It should perhaps also be noted, in responding to your first question, that I have considered the possibility of relying upon the city’s general police power (see A.C.A. §§ 14-55-102 and 14-54-103(1), and generall Geurin v. City of Little Rock, 203 Ark. 103, 155 S.W.2d 719 (1941) an City of Little Rock v. Smith, 204 Ark. 692, 163 S.W.2d 705 (1942)) in support of the city’s pursuit of additional avenues to enforce such a lien. In Springfield v. City of Little Rock, 226 Ark. 462, 290 S.W.2d 620
(1956), the court cited A.C.A. § 14-56-203, supra, and the police power, in upholding the city’s authority to enforce an ordinance for the removal or razing of particular buildings and giving the city a lien for its related costs. Presumably, the city could pursue any available means in enforcing its lien.

This case was decided, however, prior to the amendment of A.C.A. §14-54-904, supra, specifying the lien enforcement procedures. See Acts 1983, No. 80, § 1. The state has now expressly granted a lien against the real property for the cost of the removal or razing. A.C.A. §14-54-904(b)(1), supra. And it has specified the enforcement and collection mechanism. Id. at subsection (b)(2). My research indicates that the city’s general police power cannot be used in this instance to enlarge the special grant of power set out in § 14-54-904(b). See, e.g.,City of Stuttgart v. Strait, 212 Ark. 126, 205 S.W.2d 35 (1947) (regarding express legislative grants of power in relation to building regulations). Matters coming within the police power of the state are specifically excluded from “municipal affairs” under A.C.A. §14-43-601(a)(1) (1987). Such matters are, instead, “state affairs and subject to the general laws of the [state]. . . .” Id. The city would, in my opinion, be acting contrary to state law in seeking to enforce and collect the lien granted under § 14-54-904(b) in some manner other than those specified in § 14-54-904(a). This would also be challengable under article 12, § 4 of the Constitution, supra.

It is my opinion that the answer to your second question, involving the eighteen-month period for a chancery court action, is in all likelihood “yes,” assuming that the city does not proceed under § 14-54-904(a)(2) to collect the lien amount as delinquent taxes. The city will, in my opinion, likely be barred from enforcing the lien if it does not proceed under either of the two procedures set forth in § 14-54-904(a).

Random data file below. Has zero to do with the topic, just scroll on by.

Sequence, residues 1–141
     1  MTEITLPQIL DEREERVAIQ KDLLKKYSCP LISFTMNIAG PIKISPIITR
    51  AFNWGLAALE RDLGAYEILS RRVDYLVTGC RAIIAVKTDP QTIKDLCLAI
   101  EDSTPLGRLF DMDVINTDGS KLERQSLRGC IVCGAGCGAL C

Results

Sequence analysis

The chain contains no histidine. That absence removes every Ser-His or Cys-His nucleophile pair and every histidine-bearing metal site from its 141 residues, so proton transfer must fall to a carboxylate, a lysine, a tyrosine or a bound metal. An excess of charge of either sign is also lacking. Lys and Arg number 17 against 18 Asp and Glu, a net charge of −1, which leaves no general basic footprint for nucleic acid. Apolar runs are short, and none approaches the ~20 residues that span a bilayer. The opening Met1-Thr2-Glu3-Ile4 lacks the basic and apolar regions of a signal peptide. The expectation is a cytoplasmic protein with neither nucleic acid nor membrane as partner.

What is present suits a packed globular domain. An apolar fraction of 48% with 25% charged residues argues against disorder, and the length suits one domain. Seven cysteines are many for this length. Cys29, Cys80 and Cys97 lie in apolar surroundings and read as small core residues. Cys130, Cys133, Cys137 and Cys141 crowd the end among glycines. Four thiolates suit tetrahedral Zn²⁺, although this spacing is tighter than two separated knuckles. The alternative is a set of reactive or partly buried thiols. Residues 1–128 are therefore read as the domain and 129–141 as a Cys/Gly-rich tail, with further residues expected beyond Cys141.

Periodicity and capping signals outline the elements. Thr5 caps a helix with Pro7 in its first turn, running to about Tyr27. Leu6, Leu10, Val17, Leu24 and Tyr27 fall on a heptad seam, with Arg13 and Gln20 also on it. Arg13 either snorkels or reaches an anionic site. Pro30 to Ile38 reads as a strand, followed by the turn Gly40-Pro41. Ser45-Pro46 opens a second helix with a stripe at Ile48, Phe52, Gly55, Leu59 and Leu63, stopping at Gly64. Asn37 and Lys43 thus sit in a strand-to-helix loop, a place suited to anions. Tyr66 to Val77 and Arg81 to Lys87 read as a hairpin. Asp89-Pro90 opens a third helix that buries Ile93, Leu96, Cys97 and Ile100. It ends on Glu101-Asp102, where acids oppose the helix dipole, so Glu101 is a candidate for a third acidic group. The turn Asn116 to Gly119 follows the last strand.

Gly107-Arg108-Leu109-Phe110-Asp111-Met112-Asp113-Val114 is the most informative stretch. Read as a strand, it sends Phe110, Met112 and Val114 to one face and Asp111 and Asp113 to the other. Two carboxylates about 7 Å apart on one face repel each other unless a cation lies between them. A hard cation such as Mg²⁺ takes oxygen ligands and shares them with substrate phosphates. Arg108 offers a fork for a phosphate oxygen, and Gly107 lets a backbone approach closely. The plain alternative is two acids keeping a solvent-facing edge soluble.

The answer to your last question concerning repeal of the certification of the lien amount is, in my opinion, “no.” Once certified to the tax collector, the amount of the lien and penalty “shall be . . . placed by [the collector] on the tax books as delinquent taxes, and collectedaccordingly.” A.C.A. § 14-54-904(a)(2) (emphasis added). As noted in Attorney General Opinion 90-300 (copy enclosed), therefore, the lien amount is to be treated exactly as delinquent taxes would be treated Id. at 2. It was thus concluded in Opinion 90-300 that, as with delinquent taxes, the lien amount must be paid before current taxes and the collector cannot collect the ad valorem taxes without collecting the lien. Id.

Similarly, because there is no general authority for forgiving taxes that are owing (see Op. Att’y Gen. 94-022), I must conclude that the legislature intended to require collection of the certified lien amount and did not intend to permit removal of these “delinquent taxes” from the tax books.

The foregoing opinion, which I hereby approve, was prepared by Assistant Attorney General Elisabeth A. Walker.


WINSTON BRYANT Attorney General


[1] Section 14-56-203 states as follows:

Cities of the first and second class shall have the power to order the removal or razing of, or to remove or raze, any buildings or houses that in the opinion of the council have become dilapidated, unsightly, unsafe, unsanitary, obnoxious, or detrimental to the public welfare and shall provide, by ordinance, the manner of removing and making these removals.